A Business Technology Place

Easier password rules

Somebody give these guys a high-five.
Finally. There is a glimmer of hope for resolution to the insanity that has become password complexity rules. The National Institute of Standards and Technology recently revised guidelines for password complexity. The prescribed password complexity recommendations are detailed in Appendix A – Strength of Memorized Secrets. The NIST findings not only acknowledge the impact to usability of the existing recommendations for complex password rules, but they reveal the impact to improved security is not significant. This will make you smile and is sure to get a round of applause from everyone. Here’s an excerpt:

“Humans, however, have only a limited ability to memorize complex, arbitrary secrets, so they often choose passwords that can be easily guessed. To address the resultant security concerns, online services have introduced rules in an effort to increase the complexity of these memorized secrets. The most notable form of these is composition rules, which require the user to choose passwords constructed using a mix of character types, such as at least one digit, uppercase letter, and symbol. However, analyses of breached password databases reveal that the benefit of such rules is not nearly as significant as initially thought [Policies], although the impact on usability and memorability is severe.”

The new advice is to consider the length of the password more important than the complexity. Shorter passwords are easier to break for computer programs. Longer passwords are more difficult to break after they have been encrypted and stored. The NIST acknowledges the over complex password rules we’ve been subjected to only enforce bad behavior when we strive to make the password easier to remember. In other words changing your password from “Password1!” to “Password2!” doesn’t really help the password to be more secure.

Randomly generated passwords are OK as long as they don’t create a usability hassle. Some users, like me, use a password vault tool that can randomly generate passwords to use with specific sites. Again, longer password length is better even when using random characters.

I looked at my accounts.
I used this guidance and examined three financial services sites where I have accounts. Here is a look at the current password complexity requirements from each site:

Site 1
At least 8 characters in length
Has at least one letter
Has at least one number

Site 2
Must contain 8 to 20 characters including one letter and one number.
May include the following characters: % & _ ? # = –
May not contain spaces

Site 3
Minimum of six characters
Must use a mix of letters, numbers, or symbols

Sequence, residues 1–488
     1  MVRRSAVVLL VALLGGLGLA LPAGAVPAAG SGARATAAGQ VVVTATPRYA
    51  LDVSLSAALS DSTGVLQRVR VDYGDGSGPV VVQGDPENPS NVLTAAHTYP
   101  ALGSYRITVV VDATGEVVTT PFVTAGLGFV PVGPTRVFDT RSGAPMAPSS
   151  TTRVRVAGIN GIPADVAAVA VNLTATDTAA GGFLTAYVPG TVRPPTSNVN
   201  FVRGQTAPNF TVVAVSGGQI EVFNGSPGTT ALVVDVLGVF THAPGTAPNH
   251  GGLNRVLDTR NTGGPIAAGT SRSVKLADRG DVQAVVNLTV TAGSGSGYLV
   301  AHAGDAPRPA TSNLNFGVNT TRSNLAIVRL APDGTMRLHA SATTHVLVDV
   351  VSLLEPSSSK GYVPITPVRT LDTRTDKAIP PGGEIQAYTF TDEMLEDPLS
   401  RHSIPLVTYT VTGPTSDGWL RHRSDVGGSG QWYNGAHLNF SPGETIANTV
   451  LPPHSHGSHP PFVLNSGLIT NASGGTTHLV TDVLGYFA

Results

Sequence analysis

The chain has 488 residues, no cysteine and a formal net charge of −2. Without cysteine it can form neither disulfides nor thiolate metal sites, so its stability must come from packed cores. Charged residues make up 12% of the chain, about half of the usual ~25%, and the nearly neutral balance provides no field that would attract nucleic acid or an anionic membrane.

The good news is I can use my random password generator to create passwords longer than say 8 characters. It’s no more work for me because I go to my password vault tool to retrieve passwords anyways. But even if you don’t use a password vault tool, you can make your password much more secure by creating a phrase that complies with the existing rules. For example: ILove2seemygrandmother would fit the requirements. It is easier to remember and more secure. Hopefully, the new guidelines will find a place with technology compliance and regulation and we’ll be able to more freely submit password phrases in the future.

Onward and upward!

Got Password? Can Microsoft simplify?

Who makes the rules?

Hackers love them. Security auditors like to engineer them. The average person hates them. IT support teams use them for jokes. Our computer passwords have an identity crisis! Do passwords protect us or are they just a nuisance to our everyday lives?  I find weekly articles about how hackers can crack most passwords in minutes. For some thieves, cracking a password isn’t enough fun, so just steal them. It seems the value passwords bring for protecting information is diminishing.

Industry experts created password complexity rules we should all follow to make the passwords more secure. That makes it a little harder for hackers to crack a password but does not make them theft-proof. Unfortunately, it also drives many people without a password system to write down their password on paper. Who can remember words with all those special characters and capitalizations? In essence, to get the user more secure the rules made their system less secure.

Businesses implement password complexity rules to meet a couple of constraints: a security control they are given and limitations from the software system they are using (i.e. field length, characters allowed). The result for all us is an inconsistent set of rules to govern passwords for all the systems we use. Is it 8 characters or 10? Does it require special characters? Can I reuse a password I used two years ago?

What you know and have.

Several years ago, a popular method for authentication security was created to offset the weaknesses of a single password system. Two-factor authentication is based on the idea of something you know and something you have. So for example, I know a password and I have a phone where you send me a second code. Or I know a password and I have a physical security card I can tap or read.